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So another day of testing and I think I solved it! RazorWind you were right about the PSU. I tested the card in another system, 12.06v at idle, 11.99 under load.
I ordered a Corsair RMx 750w today.

So long story of what happened:
About 2 years ago, I realized the fan on my PSU stopped working. I hacked it by soldering a fan header on the wires, and plugged it on the motherboard. I added a resistor to the wires to have a correct fan speed.
In February I retired my i5-4670K and upgraded to an AMD 3600, while I was waiting for my 5600X. I kept the same PSU, but the new motherboard allows me to control fan speed, so I played with the PSU fan speed and maybe set it too low. I was using the system temperature, and with everything water-cooled, this temperature was not going very high.
The PSU over heating may have been the reason for my crash when running 3DMark after water-cooling the card. It may explains why even with my old 7800GT I was not able to boot, for a couple hours, while the PSU was cooling down. After a couple hours, everything worked fine.
Then 2 days after I received my 5600X and installed it. It did reset my BIOS settings and also fan speed. I set them back to about where they were, but it seems 0.1v on my PSU fan can make a huge difference. I bumped up the PSU fan speed today and now my system is stable. I'll wait a couple days to confirm.
Except I see my 12V rails may have took a hit, or maybe they are just tired. Anyway, this PSU is going to be used in a test bench when I get the new one next week.

As I say since day one, I can't have broke the card doing what I did, and that was right, it wasn't the card, it was the PSU. Now will I try to water-cool it again, I'm not sure, especially since I need a working computer for work, and the price of those cards right now is way to high in case something bad happens again.

So I want to thank everyone who helped, especially you RazorWind. You've been really supportive and gave a lots of informations that pointed out what the culprit really was.
Also for the side thread about washing parts, I did wash my 7800GT in the sink, with dish soap, cleaner than new and it still works.
 

RazorWind

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Right on! Depending on what you're planning on testing with that test bench, you may want to rethink using that power supply, though.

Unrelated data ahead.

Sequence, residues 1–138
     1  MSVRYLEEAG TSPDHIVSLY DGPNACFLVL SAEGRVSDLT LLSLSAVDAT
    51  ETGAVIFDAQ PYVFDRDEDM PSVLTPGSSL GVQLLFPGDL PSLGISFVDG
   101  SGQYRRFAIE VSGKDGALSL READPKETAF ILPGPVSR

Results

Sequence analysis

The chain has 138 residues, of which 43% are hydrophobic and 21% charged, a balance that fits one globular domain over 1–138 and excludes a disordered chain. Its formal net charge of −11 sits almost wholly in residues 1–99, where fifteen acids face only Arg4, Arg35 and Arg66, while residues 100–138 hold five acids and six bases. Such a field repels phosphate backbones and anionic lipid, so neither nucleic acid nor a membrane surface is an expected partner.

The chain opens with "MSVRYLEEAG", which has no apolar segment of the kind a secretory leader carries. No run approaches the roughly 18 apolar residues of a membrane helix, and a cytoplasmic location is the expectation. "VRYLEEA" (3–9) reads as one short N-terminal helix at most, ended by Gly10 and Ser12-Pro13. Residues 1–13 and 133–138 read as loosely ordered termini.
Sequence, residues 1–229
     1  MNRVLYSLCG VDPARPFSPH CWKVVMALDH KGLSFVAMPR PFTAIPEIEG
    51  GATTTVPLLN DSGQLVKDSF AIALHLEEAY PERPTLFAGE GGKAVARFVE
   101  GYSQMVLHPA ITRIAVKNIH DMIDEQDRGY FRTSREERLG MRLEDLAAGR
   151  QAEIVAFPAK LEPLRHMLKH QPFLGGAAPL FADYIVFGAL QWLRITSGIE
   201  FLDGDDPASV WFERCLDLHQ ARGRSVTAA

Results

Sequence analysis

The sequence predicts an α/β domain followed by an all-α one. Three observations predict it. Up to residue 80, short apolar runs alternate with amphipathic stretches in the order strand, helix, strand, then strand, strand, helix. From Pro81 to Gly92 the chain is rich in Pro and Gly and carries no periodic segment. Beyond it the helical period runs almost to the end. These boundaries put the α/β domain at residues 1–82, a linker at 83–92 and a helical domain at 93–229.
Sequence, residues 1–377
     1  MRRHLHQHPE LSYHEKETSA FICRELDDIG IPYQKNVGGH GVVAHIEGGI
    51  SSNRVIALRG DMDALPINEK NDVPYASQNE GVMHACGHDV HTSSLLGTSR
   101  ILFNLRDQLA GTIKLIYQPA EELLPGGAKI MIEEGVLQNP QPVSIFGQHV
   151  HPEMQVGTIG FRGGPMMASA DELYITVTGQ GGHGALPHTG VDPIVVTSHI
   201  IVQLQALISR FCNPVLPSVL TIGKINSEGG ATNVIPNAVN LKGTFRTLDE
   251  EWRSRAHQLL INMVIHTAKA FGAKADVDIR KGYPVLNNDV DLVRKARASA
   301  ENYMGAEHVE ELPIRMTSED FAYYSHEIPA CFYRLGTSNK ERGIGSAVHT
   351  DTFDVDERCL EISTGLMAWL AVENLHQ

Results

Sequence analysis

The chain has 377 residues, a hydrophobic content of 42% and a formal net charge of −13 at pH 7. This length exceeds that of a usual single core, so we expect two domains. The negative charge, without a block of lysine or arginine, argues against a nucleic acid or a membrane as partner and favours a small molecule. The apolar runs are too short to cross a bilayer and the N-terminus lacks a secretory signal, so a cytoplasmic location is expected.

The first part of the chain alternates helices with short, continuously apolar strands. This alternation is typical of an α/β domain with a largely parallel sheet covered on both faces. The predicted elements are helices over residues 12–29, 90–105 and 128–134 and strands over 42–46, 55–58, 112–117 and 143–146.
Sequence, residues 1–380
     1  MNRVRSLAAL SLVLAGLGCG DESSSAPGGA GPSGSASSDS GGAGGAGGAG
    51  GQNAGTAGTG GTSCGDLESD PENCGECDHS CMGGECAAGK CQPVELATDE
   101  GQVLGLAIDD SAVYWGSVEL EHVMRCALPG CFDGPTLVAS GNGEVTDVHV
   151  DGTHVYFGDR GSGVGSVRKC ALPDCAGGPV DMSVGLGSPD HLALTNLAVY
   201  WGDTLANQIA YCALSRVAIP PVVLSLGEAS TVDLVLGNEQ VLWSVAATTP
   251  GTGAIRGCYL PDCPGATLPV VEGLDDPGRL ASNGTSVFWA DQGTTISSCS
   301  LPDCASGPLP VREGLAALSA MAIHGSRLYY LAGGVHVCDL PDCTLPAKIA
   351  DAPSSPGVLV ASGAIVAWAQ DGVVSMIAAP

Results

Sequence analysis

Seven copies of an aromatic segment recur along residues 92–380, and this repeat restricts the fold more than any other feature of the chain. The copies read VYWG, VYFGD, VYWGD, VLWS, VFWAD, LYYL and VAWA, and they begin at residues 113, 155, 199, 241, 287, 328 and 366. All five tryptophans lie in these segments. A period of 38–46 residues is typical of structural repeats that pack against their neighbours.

Once you're sure that the new power supply fixed the problem, I'd absolutlely recommend water cooling this card, but I'd probably also try to convince you to use a full coverage water jacket. It may be hard to find a new one for a 10 series card now, but this board should be the same as a Founder's Edition, so it shouldn't be that hard. I've got one for a 1080 (non-Ti) lying around that I'd just give you, but I don't think it would fit your card, because the Ti is different.
 
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I don't know what will be tested either. I'm the one fixing every friends and family PC so I'm sure it will be useful at some point.

In my first post I linked an article. At the top of the article it is written "To make matters worse, I learned that the PCB was not the 1080 Ti reference PCB. It was very similar, but just slightly off. See below." Then follows a picture of the reference board and my PCB.
Bykski have a full coverage block => https://www.bykski.us/collections/g...rage-gpu-water-block-clear-n-as1080ti-turbo-x
Supposedly it's compatible with non-Ti, but is yours for an Asus Turbo?

I got a crash tonight while casting a movie. Maybe it's not only the PSU temperature, but that the 12V rails are dying.
 
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So I got the new PSU today. Curiously enough, I get the same voltage at the card than with my previous PSU, and sadly, I got a crash again while casting a movie.
At this point I'm thinking it may be my 5600x, I will try to put the 3600 back on since I had no problem with this CPU.
 

RazorWind

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So I got the new PSU today. Curiously enough, I get the same voltage at the card than with my previous PSU, and sadly, I got a crash again while casting a movie.